Dear readers, I had wanted to go through the geeky American CoreLogic Mortgage Resets study, which gives mind-numbing detail on what type of mortgages reset when to come up with a more refined guesstimate of how many borrowers might be eligible for the formerly-Paulson, now Administration subprime program.
The Administration claims its program could help as many as 1.2 million borrowers, or two-thirds of the subprime cohort. That number sounds like pure PR. . The Greenlining Institute pegs the percentage of subprime borrowers who would qualify at only 12% (240,000); the Center for Responsible Lending estimates only 145,000 would benefit.
But further analysis of the numbers will have to wait. I wanted to address one topic now, which is whether the plan could be successfully challenged by unhappy investors. My reading is yes. Why do I think so? Beyond the fact that lawyers are very clever and there are doubtless some flies in the ointment, there is at least one obvious basis for attack. The American Securitization Forum, one of the key members of the so-called New Hope Alliance, has, in endorsing this plan, done a 180 degree turn its recommendations fo industry standards for loan mod procedures, and in a short period of time to boot.
Tanta at Calculated Risk’s argued that the plan was awfully convoluted and accomplished comparatively little because it was designed not to run afoul of current agreements (note that there is no “safe harbor” or other legislation proposed by the Administration to shield mortgage servicers, the ones who would be making the loan modifications). But the American Securitization Forum may be hoist on its own petard.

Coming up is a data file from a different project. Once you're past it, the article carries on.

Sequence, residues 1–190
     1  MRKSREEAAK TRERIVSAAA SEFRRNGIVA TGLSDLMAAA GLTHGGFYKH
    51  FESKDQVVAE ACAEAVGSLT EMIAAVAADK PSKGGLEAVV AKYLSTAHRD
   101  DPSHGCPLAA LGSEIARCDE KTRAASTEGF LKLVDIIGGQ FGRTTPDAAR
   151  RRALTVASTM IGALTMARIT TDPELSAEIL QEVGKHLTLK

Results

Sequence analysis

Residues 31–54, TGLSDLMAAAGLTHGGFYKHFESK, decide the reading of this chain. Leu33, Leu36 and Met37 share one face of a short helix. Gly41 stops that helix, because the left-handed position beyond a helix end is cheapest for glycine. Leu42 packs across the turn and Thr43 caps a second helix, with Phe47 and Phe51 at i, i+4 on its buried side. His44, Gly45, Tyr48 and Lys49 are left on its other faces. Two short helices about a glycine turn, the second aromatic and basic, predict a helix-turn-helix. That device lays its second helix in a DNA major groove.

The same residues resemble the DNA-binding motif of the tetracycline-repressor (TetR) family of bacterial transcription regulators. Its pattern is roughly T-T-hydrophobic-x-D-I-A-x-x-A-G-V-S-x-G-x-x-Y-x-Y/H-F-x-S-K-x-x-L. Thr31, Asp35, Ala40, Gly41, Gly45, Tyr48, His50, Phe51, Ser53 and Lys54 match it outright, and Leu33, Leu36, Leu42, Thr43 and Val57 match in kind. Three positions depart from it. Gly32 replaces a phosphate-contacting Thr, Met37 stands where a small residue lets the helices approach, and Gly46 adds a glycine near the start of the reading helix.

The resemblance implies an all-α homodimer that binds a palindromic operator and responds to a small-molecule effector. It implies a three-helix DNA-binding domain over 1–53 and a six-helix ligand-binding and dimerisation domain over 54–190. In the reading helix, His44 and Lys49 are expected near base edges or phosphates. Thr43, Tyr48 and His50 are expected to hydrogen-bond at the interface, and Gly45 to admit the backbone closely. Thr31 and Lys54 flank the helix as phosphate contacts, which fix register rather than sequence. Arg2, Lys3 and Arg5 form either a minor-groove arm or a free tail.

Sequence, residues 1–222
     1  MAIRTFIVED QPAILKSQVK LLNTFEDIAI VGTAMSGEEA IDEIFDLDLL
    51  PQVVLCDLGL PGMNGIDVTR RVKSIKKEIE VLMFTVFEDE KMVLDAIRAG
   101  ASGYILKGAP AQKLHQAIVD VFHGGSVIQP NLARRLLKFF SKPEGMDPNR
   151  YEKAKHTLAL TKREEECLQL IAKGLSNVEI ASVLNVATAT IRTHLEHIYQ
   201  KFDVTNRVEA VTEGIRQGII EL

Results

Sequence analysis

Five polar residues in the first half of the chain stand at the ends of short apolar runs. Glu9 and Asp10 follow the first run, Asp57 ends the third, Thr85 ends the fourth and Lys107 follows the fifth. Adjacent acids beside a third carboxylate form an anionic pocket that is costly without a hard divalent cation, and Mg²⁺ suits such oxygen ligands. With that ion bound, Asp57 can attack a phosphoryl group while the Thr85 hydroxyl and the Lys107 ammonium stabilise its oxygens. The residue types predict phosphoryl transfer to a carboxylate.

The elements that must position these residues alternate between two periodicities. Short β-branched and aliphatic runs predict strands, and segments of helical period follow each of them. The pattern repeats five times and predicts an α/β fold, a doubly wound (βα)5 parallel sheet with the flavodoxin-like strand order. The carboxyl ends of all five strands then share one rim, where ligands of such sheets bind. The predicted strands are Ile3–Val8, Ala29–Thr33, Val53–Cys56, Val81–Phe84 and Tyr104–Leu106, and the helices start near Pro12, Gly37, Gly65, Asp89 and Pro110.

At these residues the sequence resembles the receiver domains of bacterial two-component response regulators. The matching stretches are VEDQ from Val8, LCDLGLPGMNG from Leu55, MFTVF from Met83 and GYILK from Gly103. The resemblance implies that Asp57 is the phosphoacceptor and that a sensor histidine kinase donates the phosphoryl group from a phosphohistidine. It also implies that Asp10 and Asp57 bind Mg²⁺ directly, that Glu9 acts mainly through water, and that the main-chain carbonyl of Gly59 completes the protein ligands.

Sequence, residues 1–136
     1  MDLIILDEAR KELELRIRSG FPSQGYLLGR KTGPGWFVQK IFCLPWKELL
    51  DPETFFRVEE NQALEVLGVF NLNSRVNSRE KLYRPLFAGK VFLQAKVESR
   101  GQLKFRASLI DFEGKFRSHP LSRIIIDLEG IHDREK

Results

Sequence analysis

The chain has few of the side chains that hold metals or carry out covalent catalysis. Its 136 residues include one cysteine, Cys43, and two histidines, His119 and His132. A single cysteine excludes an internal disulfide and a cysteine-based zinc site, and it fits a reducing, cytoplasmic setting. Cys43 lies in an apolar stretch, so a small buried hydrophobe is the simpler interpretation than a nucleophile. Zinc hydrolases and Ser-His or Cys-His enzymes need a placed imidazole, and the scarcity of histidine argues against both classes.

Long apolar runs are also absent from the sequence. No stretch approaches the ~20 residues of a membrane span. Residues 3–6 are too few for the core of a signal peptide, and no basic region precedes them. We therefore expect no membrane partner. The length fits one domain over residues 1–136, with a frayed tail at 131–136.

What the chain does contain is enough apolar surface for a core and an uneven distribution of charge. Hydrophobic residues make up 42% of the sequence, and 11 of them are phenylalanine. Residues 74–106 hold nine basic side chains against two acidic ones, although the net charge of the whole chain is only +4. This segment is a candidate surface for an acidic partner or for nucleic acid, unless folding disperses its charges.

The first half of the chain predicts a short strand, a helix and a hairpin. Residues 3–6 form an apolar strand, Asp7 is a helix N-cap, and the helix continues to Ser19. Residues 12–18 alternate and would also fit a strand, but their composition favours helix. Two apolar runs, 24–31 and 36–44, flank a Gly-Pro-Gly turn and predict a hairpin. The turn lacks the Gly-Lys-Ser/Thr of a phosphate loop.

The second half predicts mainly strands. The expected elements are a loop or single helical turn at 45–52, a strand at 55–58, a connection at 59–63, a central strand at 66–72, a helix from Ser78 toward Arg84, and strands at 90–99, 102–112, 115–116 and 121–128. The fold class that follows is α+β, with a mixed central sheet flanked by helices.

Please note very carefully what I am saying here. I am not predicting whether investors will sue; that depends upon whether they think the plan will have an adverse impact on them, and whether it is big enough to merit the cost of filing a suit. They may have very good legal grounds but may feel it’s not worth the bother.
The other notion to understand clearly is what I mean by “successfully challenge.” I am not predicting that a plaintiff will win in court; 95% of lawsuits are settled and never reach trial. But one can prevail either by stopping or limiting behavior one doesn’t like, or by achieving a reasonable negotiated settlement.
How do those things happen? In all candor, it does not depend entirely on the merits of one’s case. It depends on being able to mount an argument that is strong enough to survive a motion for (that is a merits of the case issue). Then the outcome can be significantly influenced by how costly, unpleasant, and embarrassing one can make the discovery process. Success in litigation often depends on the pain one can inflict on one’s opponents. For example, if you have legitimate reasons to depose senior executives of your opponent’s important clients, and the line of questioning would make them uncomfortable or better yet, damage the relationship with your opponent, that alone might lead to settlement negotiations.